Systemic mast cell disease: a review of the literature with special focus on the gastrointestinal manifestations

Acta Clin Belg. 1991;46(4):226-32.


Mastocytosis is a chronic disease accompanied by specific infiltration of mast cells into the skin and other tissues. In 90% of cases only the skin is involved. In systemic mastocytosis there is an abnormal proliferation of mast cells in various organs including the gastrointestinal tract and liver. Release of various mediators and infiltrative growth of the mast cells lead to the symptoms of the disease. Therefore, many patients present with abdominal symptoms. The clinical manifestations are reviewed with special focus on the gastrointestinal and hepatic involvement. The prognosis of the disease is variable but most often benign. The treatment is based on H1 and H2-blockers and disodium cromoglycate.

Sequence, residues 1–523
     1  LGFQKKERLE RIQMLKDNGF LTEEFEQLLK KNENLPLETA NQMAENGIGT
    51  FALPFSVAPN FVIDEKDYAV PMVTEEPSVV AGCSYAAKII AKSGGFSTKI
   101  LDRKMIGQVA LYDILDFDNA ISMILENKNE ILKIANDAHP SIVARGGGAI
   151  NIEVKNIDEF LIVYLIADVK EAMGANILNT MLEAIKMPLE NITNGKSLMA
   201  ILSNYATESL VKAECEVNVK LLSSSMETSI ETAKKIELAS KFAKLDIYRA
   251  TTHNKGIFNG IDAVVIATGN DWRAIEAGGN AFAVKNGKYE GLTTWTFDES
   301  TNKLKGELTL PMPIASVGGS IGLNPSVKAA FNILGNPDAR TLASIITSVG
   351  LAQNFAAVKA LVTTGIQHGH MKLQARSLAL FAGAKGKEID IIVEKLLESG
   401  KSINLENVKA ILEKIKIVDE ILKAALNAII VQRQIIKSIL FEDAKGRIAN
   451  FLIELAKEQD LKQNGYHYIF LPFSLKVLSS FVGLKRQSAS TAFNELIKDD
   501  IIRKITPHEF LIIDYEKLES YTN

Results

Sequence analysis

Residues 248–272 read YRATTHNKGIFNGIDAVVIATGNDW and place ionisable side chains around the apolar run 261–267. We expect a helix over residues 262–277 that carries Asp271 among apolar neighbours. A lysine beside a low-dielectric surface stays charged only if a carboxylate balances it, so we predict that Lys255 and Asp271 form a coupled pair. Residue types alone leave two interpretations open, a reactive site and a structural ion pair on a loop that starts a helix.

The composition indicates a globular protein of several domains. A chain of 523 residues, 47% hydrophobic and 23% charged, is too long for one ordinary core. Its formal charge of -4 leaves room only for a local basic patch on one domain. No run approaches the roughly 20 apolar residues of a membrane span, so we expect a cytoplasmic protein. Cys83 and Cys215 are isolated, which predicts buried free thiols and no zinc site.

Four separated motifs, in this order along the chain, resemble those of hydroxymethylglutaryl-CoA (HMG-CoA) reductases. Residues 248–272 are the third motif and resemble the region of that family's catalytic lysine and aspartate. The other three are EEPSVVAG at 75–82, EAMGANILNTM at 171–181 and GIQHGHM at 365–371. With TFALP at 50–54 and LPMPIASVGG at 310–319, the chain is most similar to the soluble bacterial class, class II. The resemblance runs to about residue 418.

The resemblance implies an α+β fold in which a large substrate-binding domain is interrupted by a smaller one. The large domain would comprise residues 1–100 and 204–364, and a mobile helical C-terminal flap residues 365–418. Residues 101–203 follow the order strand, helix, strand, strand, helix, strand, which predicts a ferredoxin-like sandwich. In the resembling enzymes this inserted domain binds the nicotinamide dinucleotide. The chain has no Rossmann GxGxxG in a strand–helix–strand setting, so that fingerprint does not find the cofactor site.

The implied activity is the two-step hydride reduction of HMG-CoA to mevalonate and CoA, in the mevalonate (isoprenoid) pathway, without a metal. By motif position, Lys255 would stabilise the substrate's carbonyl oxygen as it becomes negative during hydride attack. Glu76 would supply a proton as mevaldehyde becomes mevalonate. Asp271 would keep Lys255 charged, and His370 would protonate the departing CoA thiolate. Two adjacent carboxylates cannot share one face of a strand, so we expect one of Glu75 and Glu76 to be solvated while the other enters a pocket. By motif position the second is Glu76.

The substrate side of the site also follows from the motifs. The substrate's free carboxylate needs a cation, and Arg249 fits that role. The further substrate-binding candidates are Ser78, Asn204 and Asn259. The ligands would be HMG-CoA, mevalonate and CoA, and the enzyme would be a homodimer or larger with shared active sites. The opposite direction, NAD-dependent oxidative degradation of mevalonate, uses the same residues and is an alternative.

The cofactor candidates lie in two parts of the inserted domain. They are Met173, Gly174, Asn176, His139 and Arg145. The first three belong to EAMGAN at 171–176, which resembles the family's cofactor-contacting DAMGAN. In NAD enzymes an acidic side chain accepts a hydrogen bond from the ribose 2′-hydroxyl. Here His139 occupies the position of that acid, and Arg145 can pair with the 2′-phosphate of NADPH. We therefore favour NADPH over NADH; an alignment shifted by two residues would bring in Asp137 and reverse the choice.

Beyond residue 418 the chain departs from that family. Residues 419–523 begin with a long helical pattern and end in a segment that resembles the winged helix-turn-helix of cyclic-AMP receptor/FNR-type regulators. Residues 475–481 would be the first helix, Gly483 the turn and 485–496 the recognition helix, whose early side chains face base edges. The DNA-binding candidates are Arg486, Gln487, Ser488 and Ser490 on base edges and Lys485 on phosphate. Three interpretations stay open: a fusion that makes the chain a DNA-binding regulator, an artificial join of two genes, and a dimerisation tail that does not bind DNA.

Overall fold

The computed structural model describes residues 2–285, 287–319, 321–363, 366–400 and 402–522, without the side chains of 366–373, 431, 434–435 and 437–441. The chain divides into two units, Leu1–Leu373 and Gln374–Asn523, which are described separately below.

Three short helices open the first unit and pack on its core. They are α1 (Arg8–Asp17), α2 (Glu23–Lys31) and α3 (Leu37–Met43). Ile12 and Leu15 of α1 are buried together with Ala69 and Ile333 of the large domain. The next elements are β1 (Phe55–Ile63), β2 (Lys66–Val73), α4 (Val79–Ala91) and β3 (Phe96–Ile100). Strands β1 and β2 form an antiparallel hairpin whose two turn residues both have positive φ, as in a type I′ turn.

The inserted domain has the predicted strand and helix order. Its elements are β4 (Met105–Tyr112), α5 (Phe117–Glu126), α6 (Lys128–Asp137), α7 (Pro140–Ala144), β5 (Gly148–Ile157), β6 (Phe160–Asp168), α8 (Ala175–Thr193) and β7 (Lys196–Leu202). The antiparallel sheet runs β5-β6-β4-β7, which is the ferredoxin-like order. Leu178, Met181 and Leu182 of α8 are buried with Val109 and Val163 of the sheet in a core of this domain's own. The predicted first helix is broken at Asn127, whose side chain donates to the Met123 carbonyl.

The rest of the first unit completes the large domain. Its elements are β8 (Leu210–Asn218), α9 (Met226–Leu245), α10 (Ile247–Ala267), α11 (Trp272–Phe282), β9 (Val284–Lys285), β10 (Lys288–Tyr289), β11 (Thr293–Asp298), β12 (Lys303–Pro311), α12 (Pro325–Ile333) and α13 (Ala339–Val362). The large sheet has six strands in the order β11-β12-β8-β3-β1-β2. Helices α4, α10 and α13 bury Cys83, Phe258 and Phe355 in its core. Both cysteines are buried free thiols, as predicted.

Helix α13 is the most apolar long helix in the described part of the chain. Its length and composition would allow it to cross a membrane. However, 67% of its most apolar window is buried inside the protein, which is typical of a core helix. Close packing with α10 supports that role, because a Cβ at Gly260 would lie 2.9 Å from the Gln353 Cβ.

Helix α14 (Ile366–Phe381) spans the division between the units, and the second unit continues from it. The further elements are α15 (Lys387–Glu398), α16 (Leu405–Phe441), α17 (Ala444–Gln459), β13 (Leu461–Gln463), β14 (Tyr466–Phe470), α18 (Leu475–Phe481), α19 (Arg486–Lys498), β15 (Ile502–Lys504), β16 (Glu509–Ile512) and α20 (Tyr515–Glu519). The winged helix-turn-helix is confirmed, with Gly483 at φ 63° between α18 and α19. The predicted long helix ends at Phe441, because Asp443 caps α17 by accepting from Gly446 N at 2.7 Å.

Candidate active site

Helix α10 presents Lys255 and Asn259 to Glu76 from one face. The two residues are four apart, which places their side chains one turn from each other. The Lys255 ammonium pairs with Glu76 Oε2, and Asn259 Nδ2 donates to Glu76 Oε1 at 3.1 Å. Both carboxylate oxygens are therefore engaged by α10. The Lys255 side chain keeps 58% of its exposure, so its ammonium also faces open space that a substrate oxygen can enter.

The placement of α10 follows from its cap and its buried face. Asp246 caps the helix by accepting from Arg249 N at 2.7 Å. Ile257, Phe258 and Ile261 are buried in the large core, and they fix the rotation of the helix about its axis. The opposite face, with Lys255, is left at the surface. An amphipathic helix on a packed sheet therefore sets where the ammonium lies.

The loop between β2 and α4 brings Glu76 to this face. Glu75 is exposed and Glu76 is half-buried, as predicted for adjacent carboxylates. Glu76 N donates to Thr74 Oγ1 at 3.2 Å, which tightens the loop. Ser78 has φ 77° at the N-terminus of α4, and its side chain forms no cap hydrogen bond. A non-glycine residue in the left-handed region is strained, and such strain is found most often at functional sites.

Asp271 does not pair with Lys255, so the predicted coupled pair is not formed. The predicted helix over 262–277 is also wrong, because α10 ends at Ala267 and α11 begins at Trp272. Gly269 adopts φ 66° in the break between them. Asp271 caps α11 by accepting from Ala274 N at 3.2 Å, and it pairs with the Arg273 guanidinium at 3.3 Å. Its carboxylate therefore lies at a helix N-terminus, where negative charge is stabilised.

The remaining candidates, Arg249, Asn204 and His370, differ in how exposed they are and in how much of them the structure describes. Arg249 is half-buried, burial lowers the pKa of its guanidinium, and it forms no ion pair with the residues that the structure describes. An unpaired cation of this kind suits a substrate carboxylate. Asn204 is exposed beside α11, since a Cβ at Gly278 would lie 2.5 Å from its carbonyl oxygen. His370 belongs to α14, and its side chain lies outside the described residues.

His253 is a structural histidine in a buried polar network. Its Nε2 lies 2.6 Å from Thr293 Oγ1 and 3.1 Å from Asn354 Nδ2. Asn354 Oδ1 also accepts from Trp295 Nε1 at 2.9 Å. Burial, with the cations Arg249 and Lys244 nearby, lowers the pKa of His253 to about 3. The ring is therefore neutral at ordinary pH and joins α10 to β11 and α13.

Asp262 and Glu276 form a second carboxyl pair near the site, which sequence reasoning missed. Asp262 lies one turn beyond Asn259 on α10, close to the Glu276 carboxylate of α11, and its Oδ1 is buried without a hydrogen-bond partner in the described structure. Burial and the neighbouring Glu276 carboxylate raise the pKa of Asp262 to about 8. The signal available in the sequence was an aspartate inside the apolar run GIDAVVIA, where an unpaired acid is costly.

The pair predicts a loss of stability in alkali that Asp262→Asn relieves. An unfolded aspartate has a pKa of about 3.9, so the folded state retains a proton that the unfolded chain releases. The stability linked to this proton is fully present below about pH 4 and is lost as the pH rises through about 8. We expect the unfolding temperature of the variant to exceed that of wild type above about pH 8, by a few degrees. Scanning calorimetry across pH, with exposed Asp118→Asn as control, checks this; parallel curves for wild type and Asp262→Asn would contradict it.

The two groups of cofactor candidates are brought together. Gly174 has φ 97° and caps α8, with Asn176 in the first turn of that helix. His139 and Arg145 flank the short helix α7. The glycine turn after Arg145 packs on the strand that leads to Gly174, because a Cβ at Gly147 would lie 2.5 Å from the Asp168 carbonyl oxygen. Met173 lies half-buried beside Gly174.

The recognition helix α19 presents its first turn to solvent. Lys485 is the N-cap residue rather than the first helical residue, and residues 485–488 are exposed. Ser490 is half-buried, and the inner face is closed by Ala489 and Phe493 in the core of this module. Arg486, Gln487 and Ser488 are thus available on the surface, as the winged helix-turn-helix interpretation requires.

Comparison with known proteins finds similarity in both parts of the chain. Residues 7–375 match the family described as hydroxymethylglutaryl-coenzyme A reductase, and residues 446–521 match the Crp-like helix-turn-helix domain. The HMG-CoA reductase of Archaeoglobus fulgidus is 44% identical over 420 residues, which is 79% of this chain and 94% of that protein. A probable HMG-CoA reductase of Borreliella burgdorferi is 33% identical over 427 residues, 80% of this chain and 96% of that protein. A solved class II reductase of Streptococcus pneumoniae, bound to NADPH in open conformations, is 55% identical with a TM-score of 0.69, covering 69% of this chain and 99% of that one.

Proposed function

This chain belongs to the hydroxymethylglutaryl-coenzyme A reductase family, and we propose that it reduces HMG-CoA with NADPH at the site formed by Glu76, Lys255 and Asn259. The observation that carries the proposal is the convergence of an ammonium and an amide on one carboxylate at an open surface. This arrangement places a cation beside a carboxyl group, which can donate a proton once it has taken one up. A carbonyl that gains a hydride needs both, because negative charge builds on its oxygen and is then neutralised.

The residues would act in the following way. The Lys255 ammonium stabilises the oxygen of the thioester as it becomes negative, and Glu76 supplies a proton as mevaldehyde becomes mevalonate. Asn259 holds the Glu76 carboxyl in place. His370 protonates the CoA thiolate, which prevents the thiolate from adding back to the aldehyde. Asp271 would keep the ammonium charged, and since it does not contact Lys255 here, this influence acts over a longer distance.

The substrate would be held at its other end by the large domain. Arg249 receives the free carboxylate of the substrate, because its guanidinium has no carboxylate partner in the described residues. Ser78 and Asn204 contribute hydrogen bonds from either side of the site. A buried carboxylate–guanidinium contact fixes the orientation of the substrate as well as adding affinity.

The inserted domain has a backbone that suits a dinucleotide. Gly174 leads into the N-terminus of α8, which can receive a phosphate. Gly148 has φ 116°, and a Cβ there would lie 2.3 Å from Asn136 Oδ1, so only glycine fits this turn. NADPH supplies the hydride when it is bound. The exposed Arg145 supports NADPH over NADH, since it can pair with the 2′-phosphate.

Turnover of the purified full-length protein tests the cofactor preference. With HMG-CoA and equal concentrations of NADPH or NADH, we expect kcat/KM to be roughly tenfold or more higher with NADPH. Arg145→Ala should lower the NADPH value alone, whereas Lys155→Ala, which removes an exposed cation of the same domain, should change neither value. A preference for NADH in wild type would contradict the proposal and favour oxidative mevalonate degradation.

Publication types

  • Review

MeSH terms

  • Gastrointestinal Diseases / drug therapy
  • Gastrointestinal Diseases / etiology*
  • Histamine H1 Antagonists / therapeutic use
  • Histamine H2 Antagonists / therapeutic use
  • Humans
  • Liver Diseases / etiology
  • Mastocytosis / complications*
  • Mastocytosis / diagnosis
  • Mastocytosis / therapy


  • Histamine H1 Antagonists
  • Histamine H2 Antagonists